7

For developing C/C++ you need the gcc compiler, which is included in most Linux distributions or can be easily installed. There is not a default IDE: most people use their favorite editor (vim, emacs, Geany etc...) and there are IDEs like Eclipse or KDevelop available. C# can be done with Mono, but it is not fully compatible with .NET: check the ...


7

while true;do echo -n .;sleep 1;done & sleep 10 # or do something else here kill $!; trap 'kill $!' SIGTERM echo done this will start an infinite while loop that echoes a "." every second, this executes in the background. This will display "." in the shell. Run the sleep command or any a command you want. When that command finishes executing then kill ...


6

Scons is one possible replacement, though I have no personal experience. It's also implemented in Python, which could be a problem, depending on the build environment.


6

The easiest way to use linux to answer the phone is with the Asterisk program. You should be able to yum install asterisk on your linux machine. You then connect an analog adapter to your network and connect your phone line through it. This will allow you to answer the call, see the caller id if the caller id information is sent from your LEC, record the ...


6

Well, the "best" thing about linux is that it's up to you how you going to use it, and for whatever purposes, and it's all free :p I would suggest you to start with debian, it's hairy enough to meet the begginner linux programmers needs on software side and yet it's minimalistic and flexible enough for "users" Would not suggest to use ubuntu since it's not ...


6

I couldn't see a way to do this using bar. However you might be interested in these other commands that do the same thing, that might suite your needs better. Method #1 - Fake it This method will simply overwrite what's been previously displayed to the screen with a larger progress bar. Simple but effective. Example, ex.bash: #!/bin/bash echo -ne '##### ...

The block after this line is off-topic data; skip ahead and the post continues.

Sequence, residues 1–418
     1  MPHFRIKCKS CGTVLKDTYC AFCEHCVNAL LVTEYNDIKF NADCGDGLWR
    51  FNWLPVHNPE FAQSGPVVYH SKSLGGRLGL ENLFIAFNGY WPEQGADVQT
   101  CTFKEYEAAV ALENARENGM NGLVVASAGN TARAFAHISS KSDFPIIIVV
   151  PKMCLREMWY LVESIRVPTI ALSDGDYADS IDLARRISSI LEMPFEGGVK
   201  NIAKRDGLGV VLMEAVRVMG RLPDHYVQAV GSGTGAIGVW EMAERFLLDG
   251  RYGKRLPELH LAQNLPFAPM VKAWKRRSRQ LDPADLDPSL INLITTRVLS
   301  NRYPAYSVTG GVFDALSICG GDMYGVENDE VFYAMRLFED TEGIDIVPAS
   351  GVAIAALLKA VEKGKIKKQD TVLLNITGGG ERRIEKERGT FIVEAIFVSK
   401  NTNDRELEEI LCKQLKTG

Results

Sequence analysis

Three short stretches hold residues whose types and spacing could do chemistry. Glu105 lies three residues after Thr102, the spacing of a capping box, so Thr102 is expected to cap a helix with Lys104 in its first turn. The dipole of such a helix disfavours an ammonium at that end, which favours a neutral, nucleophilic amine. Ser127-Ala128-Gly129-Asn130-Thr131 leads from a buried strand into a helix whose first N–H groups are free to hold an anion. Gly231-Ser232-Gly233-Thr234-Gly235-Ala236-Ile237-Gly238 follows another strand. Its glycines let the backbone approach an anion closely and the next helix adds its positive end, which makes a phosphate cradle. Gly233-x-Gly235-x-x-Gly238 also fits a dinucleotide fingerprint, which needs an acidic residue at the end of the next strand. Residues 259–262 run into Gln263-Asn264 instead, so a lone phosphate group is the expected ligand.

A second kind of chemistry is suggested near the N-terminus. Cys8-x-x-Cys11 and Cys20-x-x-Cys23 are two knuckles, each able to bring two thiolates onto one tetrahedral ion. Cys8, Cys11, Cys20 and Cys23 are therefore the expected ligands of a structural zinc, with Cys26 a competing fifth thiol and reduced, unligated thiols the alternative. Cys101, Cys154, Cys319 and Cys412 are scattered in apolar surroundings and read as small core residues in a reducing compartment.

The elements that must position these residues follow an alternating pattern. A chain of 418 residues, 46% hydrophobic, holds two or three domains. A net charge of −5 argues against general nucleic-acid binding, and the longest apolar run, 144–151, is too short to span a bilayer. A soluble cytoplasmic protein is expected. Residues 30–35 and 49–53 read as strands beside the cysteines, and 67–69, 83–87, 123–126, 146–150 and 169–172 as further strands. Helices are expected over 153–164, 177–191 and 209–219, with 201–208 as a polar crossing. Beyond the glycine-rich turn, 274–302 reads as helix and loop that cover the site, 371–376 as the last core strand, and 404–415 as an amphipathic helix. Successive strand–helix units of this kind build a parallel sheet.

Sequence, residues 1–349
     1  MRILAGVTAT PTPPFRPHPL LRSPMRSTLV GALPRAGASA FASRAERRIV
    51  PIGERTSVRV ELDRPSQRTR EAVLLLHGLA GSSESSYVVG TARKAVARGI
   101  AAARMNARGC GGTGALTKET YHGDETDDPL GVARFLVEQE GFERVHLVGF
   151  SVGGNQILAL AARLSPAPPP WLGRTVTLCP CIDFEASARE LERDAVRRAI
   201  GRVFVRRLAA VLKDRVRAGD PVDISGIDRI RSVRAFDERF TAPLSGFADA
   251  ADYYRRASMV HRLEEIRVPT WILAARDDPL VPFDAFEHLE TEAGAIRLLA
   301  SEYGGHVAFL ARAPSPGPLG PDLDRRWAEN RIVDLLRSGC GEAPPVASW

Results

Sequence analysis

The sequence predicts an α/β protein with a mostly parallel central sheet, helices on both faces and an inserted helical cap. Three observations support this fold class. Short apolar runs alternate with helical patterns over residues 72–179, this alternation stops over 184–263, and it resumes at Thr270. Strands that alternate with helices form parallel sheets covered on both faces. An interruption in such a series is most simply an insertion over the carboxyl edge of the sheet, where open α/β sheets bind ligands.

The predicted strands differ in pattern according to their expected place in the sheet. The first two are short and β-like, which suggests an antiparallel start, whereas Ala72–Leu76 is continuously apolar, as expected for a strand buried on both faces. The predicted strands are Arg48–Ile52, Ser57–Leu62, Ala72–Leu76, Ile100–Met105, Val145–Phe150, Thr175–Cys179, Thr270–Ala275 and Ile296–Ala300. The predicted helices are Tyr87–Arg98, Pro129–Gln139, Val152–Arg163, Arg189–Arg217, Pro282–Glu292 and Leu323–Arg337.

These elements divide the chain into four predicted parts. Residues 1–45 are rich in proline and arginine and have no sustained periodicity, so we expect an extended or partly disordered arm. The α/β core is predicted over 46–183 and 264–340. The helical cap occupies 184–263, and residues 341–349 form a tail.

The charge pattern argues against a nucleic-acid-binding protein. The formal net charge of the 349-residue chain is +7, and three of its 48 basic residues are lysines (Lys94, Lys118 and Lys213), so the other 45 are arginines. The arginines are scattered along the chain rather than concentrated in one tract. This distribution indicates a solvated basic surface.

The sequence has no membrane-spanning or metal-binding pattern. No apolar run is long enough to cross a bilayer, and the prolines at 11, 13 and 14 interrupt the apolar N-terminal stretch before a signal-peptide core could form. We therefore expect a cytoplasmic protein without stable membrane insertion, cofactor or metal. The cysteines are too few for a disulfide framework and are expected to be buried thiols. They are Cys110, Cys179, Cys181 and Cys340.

6

The Unix Programmers Manual you linked to is probably mostly relevant for Linux also. However, that manual was published in 1979. Things have changed since then in all descendants of the original Unix.


5

I find NERDtree indispensible for navigating through my codebase. Alongside that, investing some time in becoming proficient in moving around your buffers/windows is really worthwhile.


5

A great feature of vim is the ease of integration with existing shell commands. Some of the most useful external tools are the ones that are included in coreutils and other simple text maniplulation tools. For example, we can get the number of lines in a file with: :! wc -l % or the number of words: :! wc -w % Any command that works on the shell will ...


5

Ok, you ask for experiences, this makes the question a little subjective and argumentative, but passable. Linus said that referring to the uses that people usually attribute to O_DIRECT, and for those uses, IMO Linus is mostly correct. Even if you do direct I/O, you cannot transfer data to/from devices directly to your program statements, you need a buffer ...


5

Let me to respond to your question with a alternative answer. I guess you want read the code for the traditional Unix command line tools, not only the GNU version of these. Read the code of similar tools from different projects is a good practice for learning different ideas and implementations. GNU has a nice web interface for the repo of coreutils: ...


5

Asking which programming language is best for a beginner is like asking which tool is best for a beginning plumber. It's completely irrelevant. The important thing is what you learn, not the language in which you express it. If you're interested in programming in general and are serious about it, I would suggest you start reading through Structure and ...


5

Best Linux distribution The best Linux distribution for programming is ... all of them. There is really no distribution that I know about that would be bad for programming. The tools and languages that you use are available on every Linux distribution. The differences are not with tools or languages but with package management systems, versioning, ...


5

Static variables are variables that exist throughout the lifetime of the program. That is, they are placed in memory allocated at compile time (as opposed to most variables, which are allocated at run time).


5

A different approach is to write your functionality as a library. Then you have a GUI which uses the library; and a CLI which also uses the library. Depending on the complexity of your task that may be the best solution, as both programs could work independently without the need of any kind of inter process communication.